# proof of the second generalized mean value theorem for integrals

Let $f,g,g´$ be continous on $[a,b]$ and $g$ monotone on $[a,b]$; then there exist $c\in (a,b)$ so that $$\int_{a}^{b}f(x)g(x)dx=g(a)\int_{a}^{c}f(x)dx+g(b)\int_{c}^{b}f(x)dx$$

Ineed to apply the first generalized mean value theorem for integrals i.e. $$\int_{a}^{b}f(x)g(x)dx=f(c)\int_{a}^{b}g(x)dx$$ to $g´$and $\int_{a}^{x}f(x)dx$ but I don´t know how please I would appreciate your help

## 1 Answer

Let $\alpha=\int_0^x f$. Then you have $$\int_a^b g d\alpha=\alpha(b) g(b)-\alpha(a)g(b)-\int_a^b \alpha dg$$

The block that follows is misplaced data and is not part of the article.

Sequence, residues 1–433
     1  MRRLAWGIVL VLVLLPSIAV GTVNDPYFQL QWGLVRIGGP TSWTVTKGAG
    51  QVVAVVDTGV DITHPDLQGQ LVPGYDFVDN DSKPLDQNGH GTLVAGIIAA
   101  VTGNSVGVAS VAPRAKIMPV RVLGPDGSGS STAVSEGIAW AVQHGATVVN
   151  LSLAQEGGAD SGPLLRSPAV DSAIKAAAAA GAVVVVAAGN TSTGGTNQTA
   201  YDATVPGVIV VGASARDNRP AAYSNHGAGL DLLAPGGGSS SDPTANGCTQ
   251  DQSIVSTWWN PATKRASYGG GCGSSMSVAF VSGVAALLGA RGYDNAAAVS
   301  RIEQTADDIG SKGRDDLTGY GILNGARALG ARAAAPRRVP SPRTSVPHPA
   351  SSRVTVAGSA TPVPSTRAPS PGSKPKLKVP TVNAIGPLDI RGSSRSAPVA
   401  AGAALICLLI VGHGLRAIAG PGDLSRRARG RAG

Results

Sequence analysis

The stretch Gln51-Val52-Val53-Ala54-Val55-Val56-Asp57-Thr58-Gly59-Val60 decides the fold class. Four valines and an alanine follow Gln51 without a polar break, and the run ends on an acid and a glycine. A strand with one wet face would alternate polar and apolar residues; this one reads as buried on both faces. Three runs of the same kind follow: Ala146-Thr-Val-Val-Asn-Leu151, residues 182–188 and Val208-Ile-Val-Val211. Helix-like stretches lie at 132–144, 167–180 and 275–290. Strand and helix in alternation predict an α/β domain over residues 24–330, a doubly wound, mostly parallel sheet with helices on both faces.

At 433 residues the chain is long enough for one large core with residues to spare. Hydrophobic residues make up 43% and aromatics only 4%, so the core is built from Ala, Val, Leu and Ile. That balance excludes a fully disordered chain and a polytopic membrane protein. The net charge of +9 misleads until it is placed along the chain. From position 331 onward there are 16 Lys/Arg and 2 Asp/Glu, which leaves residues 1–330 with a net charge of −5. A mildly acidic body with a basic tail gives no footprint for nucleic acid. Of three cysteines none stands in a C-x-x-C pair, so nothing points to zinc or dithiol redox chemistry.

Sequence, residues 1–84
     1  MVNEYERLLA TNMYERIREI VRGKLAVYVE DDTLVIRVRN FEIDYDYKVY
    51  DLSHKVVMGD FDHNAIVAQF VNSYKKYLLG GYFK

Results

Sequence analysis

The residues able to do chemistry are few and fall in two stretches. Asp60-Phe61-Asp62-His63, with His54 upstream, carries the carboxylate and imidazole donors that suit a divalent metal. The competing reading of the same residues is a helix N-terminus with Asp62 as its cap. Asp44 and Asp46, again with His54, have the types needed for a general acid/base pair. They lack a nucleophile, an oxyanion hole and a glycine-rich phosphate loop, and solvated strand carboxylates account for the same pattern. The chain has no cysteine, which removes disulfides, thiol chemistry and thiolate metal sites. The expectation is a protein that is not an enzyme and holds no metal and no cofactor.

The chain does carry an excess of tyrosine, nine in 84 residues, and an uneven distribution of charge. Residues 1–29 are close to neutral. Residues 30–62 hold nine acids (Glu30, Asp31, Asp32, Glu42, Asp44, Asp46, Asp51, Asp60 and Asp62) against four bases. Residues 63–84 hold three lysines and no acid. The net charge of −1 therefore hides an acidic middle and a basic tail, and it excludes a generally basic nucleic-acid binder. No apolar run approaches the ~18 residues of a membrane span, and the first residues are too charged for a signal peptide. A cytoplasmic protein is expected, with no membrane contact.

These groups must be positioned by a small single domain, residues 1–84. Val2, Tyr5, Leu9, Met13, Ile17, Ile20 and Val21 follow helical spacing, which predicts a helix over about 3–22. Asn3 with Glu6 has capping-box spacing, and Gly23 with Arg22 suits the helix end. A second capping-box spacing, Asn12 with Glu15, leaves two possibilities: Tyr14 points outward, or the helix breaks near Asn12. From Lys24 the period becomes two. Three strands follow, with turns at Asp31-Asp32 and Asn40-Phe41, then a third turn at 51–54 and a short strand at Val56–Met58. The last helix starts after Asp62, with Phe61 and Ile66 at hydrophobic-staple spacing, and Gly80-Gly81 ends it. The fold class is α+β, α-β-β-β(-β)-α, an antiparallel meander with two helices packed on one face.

By the generalized MVT, $$\int_a^b\alpha fg=\alpha(c)\int_a^b dg=\alpha(c) (g(b)-g(a))$$

Finally, grouping up we get $$\int_a^b gf=\int_a^b gd\alpha=(\alpha(b)-\alpha(c))g(b)+(\alpha(c)-\alpha(a))g(a)$$ which is what you want.

Note I used some elements of Riemann-Stieltjes integration.

• I appreciate your help :D but in my calculus course I haven´t seen Riemann Stieltjes integration so I dont think I can use it – user140027 May 11 '14 at 0:20
• In this case, I just decided to use some convenient notation. I am just using intergration by parts. Write things down carefully and I think you'll get it. – Pedro Tamaroff May 11 '14 at 0:28